RANGAPPA: He may pose a national security threat to the United States because the counterintelligence investigation is not predicated on a violation of Federal law. It's predicated on whether someone might be wittingly or unwittingly furthering the interest of a foreign power, whether it's a foreign official, a foreign entity.
You know -- and we know that from -- by the way, I want to make clear that this is not mutually exclusive with a criminal investigation. These can be happening on parallel tracks, they're just, you know, going at different goals.
BALDWIN: OK. And would this explain why, you know, we've been reporting in the last 24 hours that Giuliani's friends are like, hey, you may want to hire a criminal attorney. Would that all be then tied into this? And --
RANGAPPA: Yes. I mean, you want the criminal attorney to basically tell Giuliani to stop talking.
RANGAPPA: And not keep sabotaging himself. I mean, again, the counterintelligence piece may not necessarily involve a violation of the law. It can if, for example, he is doing it willingly that could be a violation of the Foreign Agent Registration Act.
I will say the fact that Evan mentioned that the FBI agents were questioning people about this as far back as February or March.
When a criminal intelligence investigation lasts longer than six months - that means it is the highest level of investigation. In other words, it poses the most serious threat; otherwise, it would have to be shut down after six months.
BALDWIN: Got it. Got it. So with all of this swirling, this is my question for you, and I want to play some sound first.
JAMIE GANGEL, CNN SPECIAL CORRESPONDENT: Yes.
BALDWIN: With all of this swirling and Giuliani's friends saying hey, maybe you should consider getting a criminal attorney. This is how the President still speaks glowingly about his friend, Rudy Giuliani.
(BEGIN VIDEO CLIP)
DONALD TRUMP (R), PRESIDENT OF THE UNITED STATES: Rudy was a great prosecutor. He was the best mayor in the history of the City of New York as far as I can see.
Rudy was seeking out corruption and I think there's nothing wrong with seeking out corruption. Did you have, Steve?
QUESTION: Did Rudy register as a foreign lobbyist?
TRUMP: I don't know what he did. I don't know. That's up to him. That you have to ask -- excuse me, no. You have to ask Rudy those questions. Don't ask me.
But Rudy was not one of many people that was incensed at the corruption that took place during that election, pure corruption.
(END VIDEO CLIP)
BALDWIN: My question to you is, do you think the loyalty will last?
GANGEL: So what do we know about Trump world? Loyalty tends to be a one way street and just the other day, he was saying that he didn't know if Rudy was even his lawyer.
So I think now that this news has broken, let's wait and see. We're going to see the President later this afternoon.
Just for political context about the fallout of this. There's a new Gallup poll that came out today that showed that -- let me get the numbers right -- that 52 percent of Americans support impeaching and removing Trump from office. Yes, Democrats were 89 percent, Republicans were only six percent.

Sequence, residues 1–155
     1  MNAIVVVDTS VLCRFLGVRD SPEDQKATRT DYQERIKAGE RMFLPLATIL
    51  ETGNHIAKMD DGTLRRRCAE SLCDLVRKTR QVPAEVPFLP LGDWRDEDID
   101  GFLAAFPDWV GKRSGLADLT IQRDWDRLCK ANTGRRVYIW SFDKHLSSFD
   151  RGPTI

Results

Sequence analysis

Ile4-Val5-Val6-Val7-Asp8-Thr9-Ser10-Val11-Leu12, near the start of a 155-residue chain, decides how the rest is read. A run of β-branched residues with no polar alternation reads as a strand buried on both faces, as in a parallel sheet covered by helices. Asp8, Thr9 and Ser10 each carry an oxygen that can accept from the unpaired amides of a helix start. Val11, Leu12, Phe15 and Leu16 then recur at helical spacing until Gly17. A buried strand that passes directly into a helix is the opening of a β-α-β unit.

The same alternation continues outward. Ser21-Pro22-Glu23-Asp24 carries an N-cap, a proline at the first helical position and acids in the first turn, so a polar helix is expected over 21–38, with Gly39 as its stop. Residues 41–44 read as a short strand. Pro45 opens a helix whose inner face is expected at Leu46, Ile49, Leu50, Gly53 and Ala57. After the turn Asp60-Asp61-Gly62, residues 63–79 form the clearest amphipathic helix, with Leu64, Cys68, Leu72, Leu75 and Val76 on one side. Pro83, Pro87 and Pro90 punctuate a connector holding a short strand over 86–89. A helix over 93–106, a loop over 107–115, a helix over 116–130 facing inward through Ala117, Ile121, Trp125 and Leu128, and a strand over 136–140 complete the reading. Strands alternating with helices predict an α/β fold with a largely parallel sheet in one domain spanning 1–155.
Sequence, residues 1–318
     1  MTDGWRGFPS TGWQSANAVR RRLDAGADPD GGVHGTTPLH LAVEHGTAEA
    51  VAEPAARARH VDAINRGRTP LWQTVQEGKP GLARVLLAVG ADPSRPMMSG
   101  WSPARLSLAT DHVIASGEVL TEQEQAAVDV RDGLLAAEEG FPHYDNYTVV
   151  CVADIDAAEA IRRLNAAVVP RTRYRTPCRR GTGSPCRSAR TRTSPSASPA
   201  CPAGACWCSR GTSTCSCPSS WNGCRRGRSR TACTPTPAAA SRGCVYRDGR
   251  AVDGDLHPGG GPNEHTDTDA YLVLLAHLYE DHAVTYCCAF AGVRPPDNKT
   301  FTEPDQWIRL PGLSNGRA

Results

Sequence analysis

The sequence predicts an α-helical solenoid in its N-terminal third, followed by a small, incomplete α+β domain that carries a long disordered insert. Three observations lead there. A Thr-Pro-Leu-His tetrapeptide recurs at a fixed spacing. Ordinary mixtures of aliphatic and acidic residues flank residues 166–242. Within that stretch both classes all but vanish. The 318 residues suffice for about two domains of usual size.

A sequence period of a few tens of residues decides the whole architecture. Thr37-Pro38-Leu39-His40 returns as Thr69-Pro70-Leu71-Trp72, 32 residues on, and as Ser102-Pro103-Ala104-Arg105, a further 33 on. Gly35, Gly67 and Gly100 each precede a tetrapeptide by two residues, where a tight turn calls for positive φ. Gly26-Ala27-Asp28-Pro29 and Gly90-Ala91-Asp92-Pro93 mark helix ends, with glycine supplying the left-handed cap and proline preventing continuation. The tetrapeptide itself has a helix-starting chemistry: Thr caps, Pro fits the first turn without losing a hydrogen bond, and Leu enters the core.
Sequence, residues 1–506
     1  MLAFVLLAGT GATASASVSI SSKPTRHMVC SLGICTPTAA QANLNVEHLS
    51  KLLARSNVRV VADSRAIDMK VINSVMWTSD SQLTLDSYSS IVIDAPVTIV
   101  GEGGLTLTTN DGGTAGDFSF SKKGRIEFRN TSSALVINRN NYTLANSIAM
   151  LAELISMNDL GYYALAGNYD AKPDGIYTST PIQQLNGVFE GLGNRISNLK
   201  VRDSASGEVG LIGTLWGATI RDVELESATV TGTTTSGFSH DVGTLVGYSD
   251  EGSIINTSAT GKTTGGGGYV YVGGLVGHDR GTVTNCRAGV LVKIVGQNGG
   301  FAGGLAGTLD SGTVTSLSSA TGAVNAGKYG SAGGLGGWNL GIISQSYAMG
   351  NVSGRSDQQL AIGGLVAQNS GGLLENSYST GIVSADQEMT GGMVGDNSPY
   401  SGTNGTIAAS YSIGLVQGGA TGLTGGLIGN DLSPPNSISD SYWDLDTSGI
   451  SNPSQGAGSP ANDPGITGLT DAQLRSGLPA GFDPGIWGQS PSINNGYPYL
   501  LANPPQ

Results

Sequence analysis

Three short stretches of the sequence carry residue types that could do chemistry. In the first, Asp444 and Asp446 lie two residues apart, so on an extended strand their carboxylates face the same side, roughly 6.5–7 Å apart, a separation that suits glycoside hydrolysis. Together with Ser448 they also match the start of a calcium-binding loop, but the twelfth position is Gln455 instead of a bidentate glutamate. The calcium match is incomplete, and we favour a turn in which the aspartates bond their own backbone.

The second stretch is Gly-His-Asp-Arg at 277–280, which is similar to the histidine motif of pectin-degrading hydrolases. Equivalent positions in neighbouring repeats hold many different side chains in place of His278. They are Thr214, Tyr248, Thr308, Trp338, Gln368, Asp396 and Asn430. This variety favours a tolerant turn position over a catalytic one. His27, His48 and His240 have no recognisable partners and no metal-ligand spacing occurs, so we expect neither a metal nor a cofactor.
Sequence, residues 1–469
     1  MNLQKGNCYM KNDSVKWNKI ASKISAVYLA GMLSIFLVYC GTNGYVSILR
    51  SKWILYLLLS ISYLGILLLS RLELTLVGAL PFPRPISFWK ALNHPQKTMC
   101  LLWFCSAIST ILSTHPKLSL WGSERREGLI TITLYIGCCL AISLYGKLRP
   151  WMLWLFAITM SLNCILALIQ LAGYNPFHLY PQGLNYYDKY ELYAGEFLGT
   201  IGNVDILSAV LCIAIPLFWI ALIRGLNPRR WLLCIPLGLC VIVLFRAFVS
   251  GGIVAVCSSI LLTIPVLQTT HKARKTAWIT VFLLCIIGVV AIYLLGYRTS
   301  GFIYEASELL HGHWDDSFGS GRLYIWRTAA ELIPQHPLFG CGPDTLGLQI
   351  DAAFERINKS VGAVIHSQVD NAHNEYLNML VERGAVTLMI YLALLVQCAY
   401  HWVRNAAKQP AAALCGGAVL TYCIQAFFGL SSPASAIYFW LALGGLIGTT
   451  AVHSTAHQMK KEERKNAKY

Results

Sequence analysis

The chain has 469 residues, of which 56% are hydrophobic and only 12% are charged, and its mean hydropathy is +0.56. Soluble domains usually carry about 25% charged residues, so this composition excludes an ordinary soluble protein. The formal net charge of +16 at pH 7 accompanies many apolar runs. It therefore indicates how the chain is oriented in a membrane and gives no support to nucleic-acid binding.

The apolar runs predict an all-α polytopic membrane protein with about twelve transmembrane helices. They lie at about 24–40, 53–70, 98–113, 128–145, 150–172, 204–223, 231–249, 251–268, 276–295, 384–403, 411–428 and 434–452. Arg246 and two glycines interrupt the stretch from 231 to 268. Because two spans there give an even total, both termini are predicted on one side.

But here's the critical number, 55 percent of independents supported this. Republicans need those independents. Donald Trump needs those independents. That was bad news this morning.
And when you hear this kind of news about an investigation, that's more bad news.
BALDWIN: And you're also hearing more from Republicans who had this meeting what? Yesterday? Last evening?
GANGEL: So last night, we just found out, there was a meeting by the GOP leadership in the House. It was a whip meeting, but they asked the Defense Secretary Mark Esper to come and address the group.
And it quickly turned into what was described as tense, hostile questioning about what the policy was on Syria and Turkey and they weren't very happy with the answers.
I was told member after member came up, and that one of them said, this is the worst foreign policy decision of my lifetime.
GANGEL: To -- this is a Republican member to the Republican Secretary of Defense. So they have another problem here with the foreign policy on this. They're very upset about it. BALDWIN: So back over to you, what happens now that you know,
obviously House Democrats, we heard Nancy Pelosi say she is holding off on any kind of full vote.
We know they're trying to get all their ducks in order. They're trying to get, you know, subpoena, documents, et cetera. We know certain people ala Rudy Giuliani, ala Vice President Mike Pence are defying those subpoenas.
So for people watching at home, what is Congress's option? If they say no, over and over?
RANGAPPA: Well, first they would say they are getting a lot of people in to talk to them. So you know, they are going to get evidence and what we're seeing is that not only has the whistleblower complaint been corroborated, it has now expanded, you know, and showing a picture, a long term picture of career officials being thwarted in doing their jobs.
RANGAPPA: And a shadow foreign policy acting actually against what they believe was in the best interest of the United States.
Now you have Giuliani under this counterintelligence investigation, which suggests that the FBI also thought that this might be against the interests of the United States.